For more information on the Cognition and Affect Project see
Some related video recordings are available here:
I gave these two lectures on 23 and 24 Feb 2016, introducing ideas about the importance of internal symbolic structures, in the minds of intelligent animals or intelligent machines.
The first lecture focused mainly on language, grammars, parsing, and semantic interpretations of linguistic structures.
The second lecture generalised this requirement for internal symbolic structures to visual perception, showing how perceiving 3-D scenes required internal construction of descriptions of contents of the scenes and the affordances (possibilities for change and constraints on change) provided by those scenes.
This led to a conjecture that in intelligent animals internal languages evolved for various non-communicative, purposes before external languages. The internal uses included representing information acquired through perception, and also intentions, plans, questions, explanations, and theories about the environment. Such internal languages (in simpler forms) must also be used by other species capable of interacting in creative, intelligent, ways with things in their environments, including other animals.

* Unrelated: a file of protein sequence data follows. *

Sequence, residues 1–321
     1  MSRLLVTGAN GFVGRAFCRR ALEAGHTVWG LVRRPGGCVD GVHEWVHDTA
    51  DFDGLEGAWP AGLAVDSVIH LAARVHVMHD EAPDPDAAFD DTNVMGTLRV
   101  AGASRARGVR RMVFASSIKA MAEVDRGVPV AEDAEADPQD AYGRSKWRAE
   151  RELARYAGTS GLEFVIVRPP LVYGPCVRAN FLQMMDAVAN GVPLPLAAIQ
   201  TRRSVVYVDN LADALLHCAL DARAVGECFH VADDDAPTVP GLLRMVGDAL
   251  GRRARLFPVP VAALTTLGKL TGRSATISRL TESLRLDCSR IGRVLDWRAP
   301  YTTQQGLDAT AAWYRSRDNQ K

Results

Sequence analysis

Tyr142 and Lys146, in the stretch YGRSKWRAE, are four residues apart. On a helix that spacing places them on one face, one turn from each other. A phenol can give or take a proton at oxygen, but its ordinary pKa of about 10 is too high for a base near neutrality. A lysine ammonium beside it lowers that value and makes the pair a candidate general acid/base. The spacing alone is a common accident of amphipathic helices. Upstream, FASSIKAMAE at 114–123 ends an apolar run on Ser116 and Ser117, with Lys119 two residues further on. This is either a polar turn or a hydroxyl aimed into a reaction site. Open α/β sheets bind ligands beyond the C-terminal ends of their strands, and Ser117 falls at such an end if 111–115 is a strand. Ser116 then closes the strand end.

A natural conjecture based on these ideas is that requirements for collaborative actions (and other requirements for interacting with conspecifics) might have led gradually to the evolution of gesture-based languages for expressing intentions, questions, instructions, explanations, warnings, shared goals, etc.
After sign languages had reached a significant level of sophistication, they may
later have been supplemented by sound-based, vocal, communication, with the
advantage of communicating in the dark, around corners, or while hands are busy
with complex tasks. Because of this wider applicability evolution of sound-based
languages (including physical and computational mechanisms of production and
comprehension) seems to have taken over, and become dominant in most human
cultures. But the previously evolved potential to develop equally rich and
expressive sign languages remains in the brains of normal new-born humans, as
shown by the use of such languages in deaf communities.
The same ideas were presented in a different way in this online PDF presentation to a similar group of students in 2015: